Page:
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Fluvial Research Group

Fluvial-aeolian system interaction and response to climatic cyclicity


Nigel Mountney, Stephen Cain, Alison Jagger & Oliver Wakefield
Fluvial-aeolian interaction: Cutler Group-Cedar Mesa Sandstone transition
N3

0
00

EH SFB

N1

N2

0
27

MB

SB
SCB

0
09

IC

Mean aeolian
bedform
migration
o
>125

0
18

The predominantly fluvial Cutler Group of the Paradox


foreland basin, Utah exhibits a variety of styles of
interaction with aeolian dune-dominated parts of the
succession. In places, large-scale channelised fluvial
deposits demonstrate evidence for multiple fluvial
incursions into the margins of a range of types of
aeolian dune fields and in some instances
demonstrate fluvial penetration for distances of
several tens of kilometres into dune-field centres.
Elsewhere, fluvial sheet-flood deposits occupy broad
interdune corridors and are indicative of unconfined
flash-flooding in marginal dune-field regions. A range
of styles of fluvial-aeolian interaction are indicative of
coeval system activity and have resulted in a complex
interdigitation of a variety of facies types with subtly
varying porosity-permeability characteristics. Results
from this ongoing project are being used to develop
reservoir models for marginal plays in the Southern
and Northern Permian basins of the North Sea.

Mean fluvial
transport
direction
o
>225

F
F
D

Detailed analysis has involved the construction of over


100 1D logs, the assembly of many tens of kilometres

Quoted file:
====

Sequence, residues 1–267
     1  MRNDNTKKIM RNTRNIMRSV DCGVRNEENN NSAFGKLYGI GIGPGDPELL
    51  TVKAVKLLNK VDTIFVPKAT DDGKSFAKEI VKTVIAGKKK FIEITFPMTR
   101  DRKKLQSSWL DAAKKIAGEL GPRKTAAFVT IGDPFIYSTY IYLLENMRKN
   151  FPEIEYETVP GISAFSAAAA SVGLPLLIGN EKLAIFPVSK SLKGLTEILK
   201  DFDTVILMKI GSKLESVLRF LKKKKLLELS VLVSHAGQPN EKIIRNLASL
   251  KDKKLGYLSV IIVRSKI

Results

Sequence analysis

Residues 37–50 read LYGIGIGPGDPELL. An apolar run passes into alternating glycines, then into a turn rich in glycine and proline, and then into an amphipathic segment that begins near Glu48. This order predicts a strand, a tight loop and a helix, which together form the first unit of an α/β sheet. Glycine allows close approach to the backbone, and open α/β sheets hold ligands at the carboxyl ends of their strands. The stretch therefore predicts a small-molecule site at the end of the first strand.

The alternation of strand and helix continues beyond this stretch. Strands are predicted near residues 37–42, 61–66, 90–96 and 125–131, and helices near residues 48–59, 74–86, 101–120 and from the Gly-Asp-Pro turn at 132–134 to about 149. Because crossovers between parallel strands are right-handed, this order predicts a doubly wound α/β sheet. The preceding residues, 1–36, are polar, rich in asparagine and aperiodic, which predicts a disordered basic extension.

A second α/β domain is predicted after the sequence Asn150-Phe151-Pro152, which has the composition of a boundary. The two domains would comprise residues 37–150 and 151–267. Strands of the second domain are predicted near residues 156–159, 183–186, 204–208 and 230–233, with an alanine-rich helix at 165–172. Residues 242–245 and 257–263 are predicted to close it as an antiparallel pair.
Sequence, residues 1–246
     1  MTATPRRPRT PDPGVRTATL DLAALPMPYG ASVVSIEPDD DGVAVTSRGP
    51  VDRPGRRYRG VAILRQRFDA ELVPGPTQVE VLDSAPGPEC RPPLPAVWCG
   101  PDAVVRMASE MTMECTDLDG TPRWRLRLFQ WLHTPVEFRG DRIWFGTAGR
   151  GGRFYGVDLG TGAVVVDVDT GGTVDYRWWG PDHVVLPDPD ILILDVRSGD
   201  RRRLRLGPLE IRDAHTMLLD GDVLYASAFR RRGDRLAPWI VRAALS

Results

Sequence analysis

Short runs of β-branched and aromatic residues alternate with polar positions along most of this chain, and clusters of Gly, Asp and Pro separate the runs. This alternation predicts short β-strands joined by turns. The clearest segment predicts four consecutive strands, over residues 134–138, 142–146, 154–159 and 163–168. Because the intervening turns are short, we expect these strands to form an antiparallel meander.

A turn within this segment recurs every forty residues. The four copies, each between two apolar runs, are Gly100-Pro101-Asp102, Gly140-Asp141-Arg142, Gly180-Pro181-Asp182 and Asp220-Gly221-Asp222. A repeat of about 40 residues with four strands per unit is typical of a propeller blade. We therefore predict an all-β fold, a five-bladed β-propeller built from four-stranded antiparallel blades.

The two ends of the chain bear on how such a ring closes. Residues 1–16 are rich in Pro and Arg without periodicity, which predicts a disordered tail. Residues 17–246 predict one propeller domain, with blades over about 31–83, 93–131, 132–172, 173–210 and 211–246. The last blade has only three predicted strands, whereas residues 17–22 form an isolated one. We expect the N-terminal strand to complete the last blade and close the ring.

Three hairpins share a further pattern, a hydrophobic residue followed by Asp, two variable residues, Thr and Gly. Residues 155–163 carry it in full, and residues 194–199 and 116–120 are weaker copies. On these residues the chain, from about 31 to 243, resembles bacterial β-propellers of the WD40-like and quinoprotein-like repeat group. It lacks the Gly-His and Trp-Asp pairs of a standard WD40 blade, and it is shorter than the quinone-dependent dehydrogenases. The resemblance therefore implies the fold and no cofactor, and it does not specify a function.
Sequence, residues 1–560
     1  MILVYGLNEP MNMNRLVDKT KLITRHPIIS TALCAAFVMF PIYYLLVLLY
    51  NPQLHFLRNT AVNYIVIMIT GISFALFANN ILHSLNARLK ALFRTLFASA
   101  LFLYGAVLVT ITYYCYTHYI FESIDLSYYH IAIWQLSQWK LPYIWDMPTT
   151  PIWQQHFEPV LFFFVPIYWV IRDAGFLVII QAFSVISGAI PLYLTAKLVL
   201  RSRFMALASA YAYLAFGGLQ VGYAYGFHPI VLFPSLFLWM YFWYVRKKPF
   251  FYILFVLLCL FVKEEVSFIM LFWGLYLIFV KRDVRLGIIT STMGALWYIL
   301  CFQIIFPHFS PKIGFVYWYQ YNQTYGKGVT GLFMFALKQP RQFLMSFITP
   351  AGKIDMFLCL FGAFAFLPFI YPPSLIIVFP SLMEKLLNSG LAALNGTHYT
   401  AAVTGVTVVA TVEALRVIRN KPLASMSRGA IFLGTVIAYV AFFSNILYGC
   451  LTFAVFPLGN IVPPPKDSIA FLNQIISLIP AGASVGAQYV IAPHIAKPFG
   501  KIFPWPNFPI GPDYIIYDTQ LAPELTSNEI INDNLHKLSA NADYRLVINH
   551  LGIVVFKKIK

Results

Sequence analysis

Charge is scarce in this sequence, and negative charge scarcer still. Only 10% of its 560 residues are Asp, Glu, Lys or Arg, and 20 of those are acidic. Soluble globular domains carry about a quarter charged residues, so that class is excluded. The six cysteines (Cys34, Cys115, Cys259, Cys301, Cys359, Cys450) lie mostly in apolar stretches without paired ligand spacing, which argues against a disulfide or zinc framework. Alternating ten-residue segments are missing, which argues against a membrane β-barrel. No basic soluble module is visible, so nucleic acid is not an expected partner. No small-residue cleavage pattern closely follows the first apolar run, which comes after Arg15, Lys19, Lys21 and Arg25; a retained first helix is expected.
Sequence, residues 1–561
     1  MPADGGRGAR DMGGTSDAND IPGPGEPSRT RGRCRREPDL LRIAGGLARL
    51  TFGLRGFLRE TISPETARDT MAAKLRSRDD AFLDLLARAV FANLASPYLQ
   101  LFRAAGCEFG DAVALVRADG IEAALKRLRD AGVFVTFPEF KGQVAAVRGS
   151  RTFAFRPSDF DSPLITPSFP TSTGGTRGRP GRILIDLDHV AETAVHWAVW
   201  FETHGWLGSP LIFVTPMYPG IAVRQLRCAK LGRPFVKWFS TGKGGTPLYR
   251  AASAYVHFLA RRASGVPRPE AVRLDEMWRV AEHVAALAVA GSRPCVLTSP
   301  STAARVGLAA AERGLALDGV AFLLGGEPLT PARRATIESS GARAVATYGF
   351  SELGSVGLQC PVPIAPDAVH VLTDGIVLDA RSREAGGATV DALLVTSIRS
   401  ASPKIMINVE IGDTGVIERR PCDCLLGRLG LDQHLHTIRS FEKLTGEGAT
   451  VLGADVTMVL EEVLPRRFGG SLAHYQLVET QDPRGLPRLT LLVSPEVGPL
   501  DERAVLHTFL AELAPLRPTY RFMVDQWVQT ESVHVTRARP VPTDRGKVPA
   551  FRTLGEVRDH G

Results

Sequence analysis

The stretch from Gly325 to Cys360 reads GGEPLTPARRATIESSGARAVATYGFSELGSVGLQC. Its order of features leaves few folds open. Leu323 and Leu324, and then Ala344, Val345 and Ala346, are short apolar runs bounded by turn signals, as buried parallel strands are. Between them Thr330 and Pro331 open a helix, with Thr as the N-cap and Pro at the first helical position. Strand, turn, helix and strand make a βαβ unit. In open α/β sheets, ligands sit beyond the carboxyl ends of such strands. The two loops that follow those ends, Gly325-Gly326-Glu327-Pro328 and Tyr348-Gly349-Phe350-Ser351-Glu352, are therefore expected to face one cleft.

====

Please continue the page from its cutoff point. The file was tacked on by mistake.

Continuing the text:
of architectural panels, the development of a series of
detailed 3D semi-quantitative facies models that
depict styles of facies interaction on a range of scales,
the construction of a series of sequence stratigraphic
models to demonstrate system response to periodic
changes in regional climate, and the development of a
series of numerical forward stratigraphic models with
which to account for the variety of styles of fluvialaeolian system interaction identified.

F
F
F
FD
F
Aeolian dune

Chert

Dry interdune

Limestone

Sandsheet

Palaeosol

Damp interdune

Fluvial channel

Wet interdune

Underlying
sequence

20
m
0
F
D

Flood surface
Deflation surface

20
km

Reconstruction of 3D fluvial architectural elements


<210

030 >

50

Fluvial flood surfaces, Indian Creek


5
4

Aeolian dune
Aeolian sandsheet

3
2

Damp interdune

Wet interdune

12

21

Creation of bypass
supersurface does not
require a cessation in
aeolian dune activity but
does require non-climbing
dune migration

metres

03

30

Amalgamated overbank flood


units occupy interdune corridors.
These extend downwind to form a
continuous flood surface as nonclimbing aeolian dunes migrate

Reworked aeolian sst


Overbank mudstone

Calcrete palaeosol
Chert

Fluvial flood surfaces, Farley Canyon

Freshwater limestone

4
m
0
Aeolian bypass flood
supersurface equates to
flooded but laterally
restricted interdune
ponds towards erg centre

Bypass supersurface
immediately overlain by
flood deposits

Aeolian dune sets


re-commence climbing
after flood event

Non-climbing aeolian
bypass is a likely consequence
of flooding as aeolian sand
supply becomes restricted
by the elevated groundwater table

For Further Information Visit


www.see.leeds.ac.uk/research/igs/frg

fluvial sheet-flood facies


in interdune element

75

aeolian dune element